In a mid-movie peroration, the hero lectures Potter and a gaggle of local entrepreneurs on the virtues of democratizing homeownership: "You're all businessmen here," he presses them, sounding for all the world like a politician defending Fannie Mae and Freddie Mac against their critics in 2004 or so. "Doesn't it make them better citizens? Doesn't it make them better customers? ... What'd you say a minute ago? They had to wait and save their money before they even ought to think of a decent home. Wait? ... Do you know how long it takes a working man to save five thousand dollars?"
Yet 'Merry Christmas, Mr. Potter!' said Gary North at LewRockwell, December 11, 2002
It was not honeymoon cash that solved bank runs in America. It was the government’s extension of an insurance subsidy and its implied promise of a fiat-money bailout by the Federal Reserve System. This solution has guaranteed inflation ever since, in order to keep home owners happy and depositors asleep.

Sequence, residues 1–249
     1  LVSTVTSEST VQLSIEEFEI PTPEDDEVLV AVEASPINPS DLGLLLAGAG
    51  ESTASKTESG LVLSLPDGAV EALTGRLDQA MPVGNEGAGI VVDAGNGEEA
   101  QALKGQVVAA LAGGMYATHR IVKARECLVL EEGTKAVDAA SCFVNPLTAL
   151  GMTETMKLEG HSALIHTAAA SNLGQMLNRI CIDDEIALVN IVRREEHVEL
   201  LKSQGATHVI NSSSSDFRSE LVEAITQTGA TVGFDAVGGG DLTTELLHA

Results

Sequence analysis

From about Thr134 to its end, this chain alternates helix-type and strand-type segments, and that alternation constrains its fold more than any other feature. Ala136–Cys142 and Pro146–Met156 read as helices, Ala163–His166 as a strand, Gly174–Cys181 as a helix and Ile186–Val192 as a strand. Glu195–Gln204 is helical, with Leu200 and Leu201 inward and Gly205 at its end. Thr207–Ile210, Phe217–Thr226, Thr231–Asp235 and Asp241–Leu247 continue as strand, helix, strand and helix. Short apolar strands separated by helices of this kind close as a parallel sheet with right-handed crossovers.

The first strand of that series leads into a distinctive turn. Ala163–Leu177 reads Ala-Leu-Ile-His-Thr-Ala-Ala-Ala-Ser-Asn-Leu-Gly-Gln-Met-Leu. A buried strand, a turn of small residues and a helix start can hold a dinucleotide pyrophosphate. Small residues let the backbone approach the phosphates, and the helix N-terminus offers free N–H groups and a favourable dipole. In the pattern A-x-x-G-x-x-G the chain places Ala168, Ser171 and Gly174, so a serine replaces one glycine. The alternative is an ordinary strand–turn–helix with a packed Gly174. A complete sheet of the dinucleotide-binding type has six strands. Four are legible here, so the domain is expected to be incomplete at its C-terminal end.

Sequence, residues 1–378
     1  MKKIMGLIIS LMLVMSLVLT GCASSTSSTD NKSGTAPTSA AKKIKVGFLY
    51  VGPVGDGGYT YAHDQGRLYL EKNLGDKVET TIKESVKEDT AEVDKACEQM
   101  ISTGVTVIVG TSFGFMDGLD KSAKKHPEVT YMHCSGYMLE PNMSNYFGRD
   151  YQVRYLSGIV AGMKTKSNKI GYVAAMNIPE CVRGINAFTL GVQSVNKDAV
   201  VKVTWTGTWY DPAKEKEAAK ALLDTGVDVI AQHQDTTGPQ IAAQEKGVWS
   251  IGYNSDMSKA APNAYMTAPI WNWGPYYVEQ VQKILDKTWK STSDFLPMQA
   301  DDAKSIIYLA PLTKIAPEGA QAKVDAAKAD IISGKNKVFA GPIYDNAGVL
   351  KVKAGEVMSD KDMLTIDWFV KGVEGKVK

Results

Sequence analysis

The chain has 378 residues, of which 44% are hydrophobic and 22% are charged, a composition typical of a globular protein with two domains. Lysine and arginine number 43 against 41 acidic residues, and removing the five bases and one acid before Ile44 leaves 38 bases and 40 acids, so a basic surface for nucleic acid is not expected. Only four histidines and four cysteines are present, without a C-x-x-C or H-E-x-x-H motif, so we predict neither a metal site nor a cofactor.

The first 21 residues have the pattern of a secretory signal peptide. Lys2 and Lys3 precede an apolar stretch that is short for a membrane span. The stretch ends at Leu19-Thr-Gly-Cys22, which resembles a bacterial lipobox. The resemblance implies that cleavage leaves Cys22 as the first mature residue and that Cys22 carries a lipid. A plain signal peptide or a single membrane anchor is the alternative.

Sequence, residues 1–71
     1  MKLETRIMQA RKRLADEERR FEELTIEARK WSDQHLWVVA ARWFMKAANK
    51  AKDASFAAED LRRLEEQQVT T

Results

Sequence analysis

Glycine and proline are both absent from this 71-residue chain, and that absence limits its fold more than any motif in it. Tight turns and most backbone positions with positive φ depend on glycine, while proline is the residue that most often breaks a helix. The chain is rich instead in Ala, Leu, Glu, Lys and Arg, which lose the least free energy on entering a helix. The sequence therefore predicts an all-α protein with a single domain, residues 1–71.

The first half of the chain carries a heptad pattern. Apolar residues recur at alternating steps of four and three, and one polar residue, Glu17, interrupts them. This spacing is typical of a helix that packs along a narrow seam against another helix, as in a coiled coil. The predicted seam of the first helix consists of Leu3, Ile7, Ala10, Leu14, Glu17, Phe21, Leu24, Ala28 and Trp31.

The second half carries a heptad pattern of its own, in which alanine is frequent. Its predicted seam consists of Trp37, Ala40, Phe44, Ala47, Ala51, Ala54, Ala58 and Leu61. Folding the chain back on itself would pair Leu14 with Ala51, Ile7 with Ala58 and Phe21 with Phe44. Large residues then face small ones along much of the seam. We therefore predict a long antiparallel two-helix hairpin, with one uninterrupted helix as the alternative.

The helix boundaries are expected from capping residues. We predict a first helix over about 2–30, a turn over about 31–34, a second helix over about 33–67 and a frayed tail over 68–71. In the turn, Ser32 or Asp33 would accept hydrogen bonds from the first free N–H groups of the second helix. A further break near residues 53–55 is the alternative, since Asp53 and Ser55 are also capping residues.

Here George Bailey explains fractional reserve banking.
Mr. North continues.
But the movie isn’t about fractional reserve banking, any more than it’s about angels getting their wings. It’s about the positive, cumulative, but unseen benefits to many people of individual acts of charity and honesty. It’s also about capitalism: home ownership, small businesses, and sacrificial hard work.